May
28
2009

Good Earth Cooking School

A small farm in Niagara wine country is feeding culinary curiosity by bringing the kitchen to the countryside

Nestled between modest residential homes in Beamsville, a community on Niagara’s wine route about 20 minutes from Niagara Falls, is the Good Earth Cooking School. What appears to be a driveway quickly becomes a farm lane leading up to a barn-board schoolhouse, which abuts the 55-acre Novak family farm, teeming with herb and flower gardens and orchards of cherries and peaches.

Proprietor Nicolette Novak grew up right here, and turned her love for the region’s food and wine into an unusual and charming culinary experience that celebrates its 10th anniversary this year.

Novak invites local chefs from top restaurants, including the school’s resident chefs, to teach themed classes using seasonal and locally grown products. The school’s primary motivation is to feature fruits and vegetables at the height of their ripeness and availability. In fact, you might even pick your meal’s ingredients from the Good Earth garden—the school’s “pride and joy,” according to executive chef Patrick Engel.

Good Earth’s teaching methods are equally fresh. Forget boring, one-sided cooking classes where students simply watch from a distance as a chef prepares a meal they’ll likely never make themselves. Intimate and interactive instruction is the only menu staple here—besides fun, of course. “The focus is as much on the social aspect as the educational component,” says Engel.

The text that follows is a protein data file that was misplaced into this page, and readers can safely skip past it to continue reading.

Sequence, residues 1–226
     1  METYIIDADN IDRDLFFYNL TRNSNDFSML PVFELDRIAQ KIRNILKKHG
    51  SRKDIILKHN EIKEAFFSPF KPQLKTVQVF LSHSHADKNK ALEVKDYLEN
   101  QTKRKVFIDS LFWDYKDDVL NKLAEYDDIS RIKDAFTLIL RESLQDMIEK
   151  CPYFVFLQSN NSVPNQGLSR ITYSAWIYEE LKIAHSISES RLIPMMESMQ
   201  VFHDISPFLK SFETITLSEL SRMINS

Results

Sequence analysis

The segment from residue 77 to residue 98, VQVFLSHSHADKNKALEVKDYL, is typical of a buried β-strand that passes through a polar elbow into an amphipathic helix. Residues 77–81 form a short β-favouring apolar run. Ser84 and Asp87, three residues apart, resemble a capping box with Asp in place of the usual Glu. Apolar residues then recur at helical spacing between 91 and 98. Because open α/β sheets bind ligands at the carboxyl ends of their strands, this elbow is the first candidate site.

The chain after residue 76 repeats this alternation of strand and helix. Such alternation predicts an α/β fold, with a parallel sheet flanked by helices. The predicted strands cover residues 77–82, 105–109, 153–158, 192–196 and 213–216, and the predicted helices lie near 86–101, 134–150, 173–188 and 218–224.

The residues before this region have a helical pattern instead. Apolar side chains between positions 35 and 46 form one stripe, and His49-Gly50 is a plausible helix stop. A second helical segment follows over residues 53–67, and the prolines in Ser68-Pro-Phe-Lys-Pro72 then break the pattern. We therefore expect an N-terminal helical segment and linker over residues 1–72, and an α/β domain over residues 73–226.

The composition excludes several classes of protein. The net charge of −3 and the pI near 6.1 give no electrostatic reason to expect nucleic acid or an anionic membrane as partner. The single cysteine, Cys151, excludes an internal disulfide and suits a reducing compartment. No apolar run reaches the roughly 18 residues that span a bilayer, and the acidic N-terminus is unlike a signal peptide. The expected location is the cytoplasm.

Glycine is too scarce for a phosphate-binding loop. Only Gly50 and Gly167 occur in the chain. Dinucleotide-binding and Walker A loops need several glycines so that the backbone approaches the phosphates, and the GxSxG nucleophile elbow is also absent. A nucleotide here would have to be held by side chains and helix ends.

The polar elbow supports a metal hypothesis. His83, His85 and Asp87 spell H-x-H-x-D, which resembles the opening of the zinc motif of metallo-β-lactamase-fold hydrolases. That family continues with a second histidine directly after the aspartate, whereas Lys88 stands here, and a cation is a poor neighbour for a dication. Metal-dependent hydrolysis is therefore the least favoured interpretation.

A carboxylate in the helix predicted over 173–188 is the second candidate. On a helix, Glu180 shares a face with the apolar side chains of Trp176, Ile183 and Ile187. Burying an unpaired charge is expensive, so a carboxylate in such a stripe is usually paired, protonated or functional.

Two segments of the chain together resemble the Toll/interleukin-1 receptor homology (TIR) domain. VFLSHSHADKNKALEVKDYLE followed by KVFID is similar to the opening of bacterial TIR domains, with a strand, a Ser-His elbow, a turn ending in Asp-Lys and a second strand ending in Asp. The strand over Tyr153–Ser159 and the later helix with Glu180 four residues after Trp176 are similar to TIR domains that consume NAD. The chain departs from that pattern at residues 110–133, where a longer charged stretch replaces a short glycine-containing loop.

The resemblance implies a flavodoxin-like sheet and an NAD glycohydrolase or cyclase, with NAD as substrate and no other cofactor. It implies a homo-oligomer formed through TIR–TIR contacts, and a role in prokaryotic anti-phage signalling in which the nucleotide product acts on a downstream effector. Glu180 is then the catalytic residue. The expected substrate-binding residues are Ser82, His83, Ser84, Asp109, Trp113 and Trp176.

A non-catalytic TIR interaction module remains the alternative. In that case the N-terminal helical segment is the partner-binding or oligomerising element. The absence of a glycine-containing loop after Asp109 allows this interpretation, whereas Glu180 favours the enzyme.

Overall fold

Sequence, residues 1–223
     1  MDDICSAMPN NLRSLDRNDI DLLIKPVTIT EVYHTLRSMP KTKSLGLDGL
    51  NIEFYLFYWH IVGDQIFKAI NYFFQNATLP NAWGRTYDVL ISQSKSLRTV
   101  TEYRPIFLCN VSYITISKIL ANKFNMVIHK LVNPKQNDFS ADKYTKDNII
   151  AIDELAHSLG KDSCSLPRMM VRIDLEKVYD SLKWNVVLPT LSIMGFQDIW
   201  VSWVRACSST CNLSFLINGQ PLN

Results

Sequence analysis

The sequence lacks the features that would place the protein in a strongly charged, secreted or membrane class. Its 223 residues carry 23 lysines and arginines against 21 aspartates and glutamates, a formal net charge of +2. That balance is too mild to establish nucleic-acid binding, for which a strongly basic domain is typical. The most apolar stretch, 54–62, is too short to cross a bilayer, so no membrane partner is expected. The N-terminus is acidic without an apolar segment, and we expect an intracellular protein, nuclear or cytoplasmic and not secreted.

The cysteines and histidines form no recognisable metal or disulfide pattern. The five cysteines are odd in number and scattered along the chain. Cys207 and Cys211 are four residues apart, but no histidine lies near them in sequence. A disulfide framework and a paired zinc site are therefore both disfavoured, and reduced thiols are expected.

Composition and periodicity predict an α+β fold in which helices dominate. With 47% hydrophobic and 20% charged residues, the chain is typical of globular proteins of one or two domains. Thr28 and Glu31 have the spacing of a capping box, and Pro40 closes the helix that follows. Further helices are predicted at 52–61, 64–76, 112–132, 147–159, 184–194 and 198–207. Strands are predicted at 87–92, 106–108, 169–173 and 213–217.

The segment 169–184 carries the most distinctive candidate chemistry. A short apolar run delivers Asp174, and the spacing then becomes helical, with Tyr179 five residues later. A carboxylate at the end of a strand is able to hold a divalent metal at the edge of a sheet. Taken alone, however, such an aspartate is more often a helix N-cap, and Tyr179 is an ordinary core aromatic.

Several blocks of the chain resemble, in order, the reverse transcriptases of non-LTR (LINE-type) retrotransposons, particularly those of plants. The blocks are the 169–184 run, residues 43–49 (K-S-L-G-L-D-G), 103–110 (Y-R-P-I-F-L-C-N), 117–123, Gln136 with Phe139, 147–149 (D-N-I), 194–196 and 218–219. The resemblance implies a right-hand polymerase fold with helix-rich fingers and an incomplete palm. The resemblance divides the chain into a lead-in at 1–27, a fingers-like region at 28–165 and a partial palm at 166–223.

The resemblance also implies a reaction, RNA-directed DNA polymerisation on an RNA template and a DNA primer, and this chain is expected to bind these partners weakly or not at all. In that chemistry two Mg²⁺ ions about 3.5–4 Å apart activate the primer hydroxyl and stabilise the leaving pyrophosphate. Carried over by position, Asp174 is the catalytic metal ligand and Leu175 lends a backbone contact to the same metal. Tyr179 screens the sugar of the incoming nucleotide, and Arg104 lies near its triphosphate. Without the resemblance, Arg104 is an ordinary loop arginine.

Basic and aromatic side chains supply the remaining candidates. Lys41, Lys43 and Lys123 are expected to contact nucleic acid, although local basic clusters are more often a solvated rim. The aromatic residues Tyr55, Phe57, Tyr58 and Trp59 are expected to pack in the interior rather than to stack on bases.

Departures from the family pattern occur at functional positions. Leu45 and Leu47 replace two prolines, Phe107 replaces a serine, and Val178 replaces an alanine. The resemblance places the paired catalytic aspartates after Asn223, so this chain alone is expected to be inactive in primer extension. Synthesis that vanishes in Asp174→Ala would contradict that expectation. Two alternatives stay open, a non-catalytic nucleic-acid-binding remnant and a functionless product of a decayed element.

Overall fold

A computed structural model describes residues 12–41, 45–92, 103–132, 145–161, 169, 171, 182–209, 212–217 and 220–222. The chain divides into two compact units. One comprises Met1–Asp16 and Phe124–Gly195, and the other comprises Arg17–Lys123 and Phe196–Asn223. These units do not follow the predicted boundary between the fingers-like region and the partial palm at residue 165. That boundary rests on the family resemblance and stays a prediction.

Both hardcore food enthusiasts and those a bit kitchen-shy can step up and get their hands dirty, plus enjoy the fruits of their labour afterwards. Chefs demonstrate how to prepare multi-course menus, no two of which are alike.

All From Around Here

No matter the experience, showcasing Niagara’s cornucopia of food and wine with unbridled enthusiasm lies at the heart of Good Earth’s mission. Much of the produce used—asparagus, salad greens and edible flowers—is grown right in the school’s gardens. What the school doesn’t harvest itself—cheese, meat, wines—is bought from local farmers whenever possible.

And the surroundings are as amazing as the food. Three-hour classes take place either in the alfresco barbecue area or indoors in a bright yellow kitchen.

“This is pretty incredible, considering many kitchens don’t even have windows, and we’re looking at this all day,” explains Engel as he points to the expanse of gardens and orchards. “There’s so much in this area, and it’s all so good. The less I do to it, the better. Just pick it off the vine and eat!”

goodearthcooking.com

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Colleen Seto

Colleen Seto has been passionately writing since, well, she could write. Colleen spends her days as the executive director for the Alberta Magazines Assocation, and her evenings practicing yoga, planning her next trip and occasionally vegging out with her hubby and dog.

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